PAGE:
January 17, 2016


Feeding the Beast (how to survive the pressure of the internet in the 21st century)

We have a Facebook Profile, and Facebook Page; the former a personal space that I add things to from time to time and the latter a business presence* which gets updated every time we have something new to let the world know about. Unlike many of my colleagues (who are updating their Facebook presences hour by hour, if not minute to minute) I feel no compulsion to put anything up there unless it’s important to me.

We have a new website going live very soon and I’ve written a longish blog about the emergence of new technologies that have completely changed our business world in the last two or three years. All this coming tomorrow or the next day; I will publish the relevant blog as soon as the new site goes live.

And our Forums are going great guns; we have over 1,000 members and more than 11,000 posts now. I hope I’m not jinxing the future by observing that the forums are more or less self-sufficient now as there are many active posters. And our stats tell us that many thousands more visit weekly but describe themselves as lurkers and who are not members and who don’t post. It was always my hope that the Forums becomes an unique repository of knowledge on the subject of stretching and strengthening (and much more, these days) and it seems to be well on the way there.

So, getting back to the title, we do not feed the beast in the same way that we see many other people doing. I feel good about that. I had visitors here recently whose phones have the notifications turned on and who are getting Facebook advisories every five minutes or so. Personally I do not find this relaxing in the slightest and found the pings intrusive but I have noticed that social behaviour has changed incredibly in the last five years.

Olivia and I were in a sports bar/restaurant in New York last year and we saw six people who work together come in for an after dinner drink and dinner. All of them were connecting to other people via their phones for the whole time they were there and the only time they spoke to each other was to briefly point the face of the phone to the table at large and laugh about an image there and then go straight back to the person they were talking to. The interesting thing is that they were all having conversations – just not with each other.

And this blog is only something I turn to when I have ideas that really need exploring for one reason or another. If I think about the total amount of time I spend on the Internet on a daily basis it would look something like this: I get up at 6:30 or seven at the latest (and sometimes much earlier; this depends on many factors) and make the first of the two holy cups of coffee with herbs. I then carry said coffee to the couch or to the floor and open the email client on the MacBook Air (I have two other computers; both sleeping at this stage!). I have emails sorted in ascending date order and the client always opens the oldest of the emails first; working through these take somewhere between 45 minutes and two hours. I then go to the Forums and scan the new content; if anything looks either interesting or looks as if it could benefit from some personal input I will go to that but I often leave the forums alone for up to week. I realise in this moment of writing that I never go to Facebook (either page) and I don’t go to the blog are either; that is something that might be accessed when I’m in a more reflective state.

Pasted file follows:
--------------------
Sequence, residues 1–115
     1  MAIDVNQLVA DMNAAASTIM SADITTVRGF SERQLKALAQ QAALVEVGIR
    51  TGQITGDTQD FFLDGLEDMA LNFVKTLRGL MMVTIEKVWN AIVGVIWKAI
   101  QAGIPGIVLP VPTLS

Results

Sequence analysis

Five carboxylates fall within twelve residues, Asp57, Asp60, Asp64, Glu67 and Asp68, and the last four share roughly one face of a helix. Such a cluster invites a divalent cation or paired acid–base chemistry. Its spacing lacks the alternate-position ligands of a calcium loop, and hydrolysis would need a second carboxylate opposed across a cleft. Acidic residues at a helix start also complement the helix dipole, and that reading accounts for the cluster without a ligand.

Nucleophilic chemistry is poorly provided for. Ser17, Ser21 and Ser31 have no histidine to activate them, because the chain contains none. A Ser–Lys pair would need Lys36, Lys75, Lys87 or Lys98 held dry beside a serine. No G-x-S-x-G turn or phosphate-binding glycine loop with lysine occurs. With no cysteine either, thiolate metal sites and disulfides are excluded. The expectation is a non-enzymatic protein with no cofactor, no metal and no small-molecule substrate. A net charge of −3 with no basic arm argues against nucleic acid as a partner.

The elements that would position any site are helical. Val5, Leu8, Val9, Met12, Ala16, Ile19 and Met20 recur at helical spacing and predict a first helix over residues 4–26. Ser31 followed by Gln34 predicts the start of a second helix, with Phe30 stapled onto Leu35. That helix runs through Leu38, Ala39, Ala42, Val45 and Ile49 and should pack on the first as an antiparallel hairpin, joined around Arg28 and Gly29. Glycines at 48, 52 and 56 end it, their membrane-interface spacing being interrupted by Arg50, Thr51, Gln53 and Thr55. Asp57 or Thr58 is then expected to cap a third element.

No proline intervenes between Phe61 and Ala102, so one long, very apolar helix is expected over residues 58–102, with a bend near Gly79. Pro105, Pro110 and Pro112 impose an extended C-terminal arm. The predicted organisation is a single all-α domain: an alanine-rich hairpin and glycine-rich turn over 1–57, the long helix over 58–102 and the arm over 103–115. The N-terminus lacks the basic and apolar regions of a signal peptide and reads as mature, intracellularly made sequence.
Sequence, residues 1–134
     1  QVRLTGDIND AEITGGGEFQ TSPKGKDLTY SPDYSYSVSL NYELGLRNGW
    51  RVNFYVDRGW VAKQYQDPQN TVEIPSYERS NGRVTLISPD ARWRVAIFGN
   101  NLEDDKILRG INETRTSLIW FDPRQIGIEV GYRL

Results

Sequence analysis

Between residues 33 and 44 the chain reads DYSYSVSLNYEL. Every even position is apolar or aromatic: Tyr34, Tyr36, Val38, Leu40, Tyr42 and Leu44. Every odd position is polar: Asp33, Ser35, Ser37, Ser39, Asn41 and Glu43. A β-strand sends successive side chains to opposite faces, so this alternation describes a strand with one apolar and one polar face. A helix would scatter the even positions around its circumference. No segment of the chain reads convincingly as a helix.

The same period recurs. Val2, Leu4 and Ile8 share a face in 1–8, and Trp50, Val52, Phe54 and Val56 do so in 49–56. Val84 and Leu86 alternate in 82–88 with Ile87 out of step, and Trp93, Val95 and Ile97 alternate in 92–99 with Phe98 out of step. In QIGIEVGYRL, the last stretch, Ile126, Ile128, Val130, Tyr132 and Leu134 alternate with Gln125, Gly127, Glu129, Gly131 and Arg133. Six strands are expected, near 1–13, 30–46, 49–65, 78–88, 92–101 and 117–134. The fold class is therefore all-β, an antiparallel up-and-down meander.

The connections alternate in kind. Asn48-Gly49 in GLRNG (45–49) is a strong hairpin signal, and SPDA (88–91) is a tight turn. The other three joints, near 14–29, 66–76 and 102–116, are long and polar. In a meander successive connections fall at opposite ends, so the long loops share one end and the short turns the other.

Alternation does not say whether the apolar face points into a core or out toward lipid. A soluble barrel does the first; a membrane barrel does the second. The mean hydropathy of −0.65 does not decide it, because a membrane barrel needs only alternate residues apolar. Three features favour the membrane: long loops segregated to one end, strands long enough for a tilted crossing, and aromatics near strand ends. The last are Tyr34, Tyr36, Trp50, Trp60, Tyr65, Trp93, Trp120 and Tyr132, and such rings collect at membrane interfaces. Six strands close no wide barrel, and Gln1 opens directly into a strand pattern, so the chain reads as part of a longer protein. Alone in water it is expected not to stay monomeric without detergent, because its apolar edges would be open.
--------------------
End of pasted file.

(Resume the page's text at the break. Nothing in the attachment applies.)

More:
And depending on what is interesting me at the moment I may visit one or both of the pro-photography forums I’m a member of. And that is pretty much the extent of my Internet interaction.

I do have an Instagram account but never use it. I do not have a Twitter account on philosophical grounds: 140 characters is insufficient to express any useful thoughts on anything I’m thinking about and, from the tweets I have seen, encourages the user to pithiness and maximum impact rather than insight. More thoughtful is my inclination.

We will have a Stretch Therapy Twitter account, as google owns the internet these days, but it will only push to the new site. Same for a ST Instagram account.

I feel that social media is having major effects on interpersonal relations. Personally, I think staying off social media will benefit any of the relations near you that you care about, but I feel that I am in the minority now.

So, how do we survive the pressure of feeding the Beast? By realising that the beast is another internal fiction; use the Nancy Reagan approach, and “just say No!

No problem and stay tuned.

*thanks Matt, for picking up a typo

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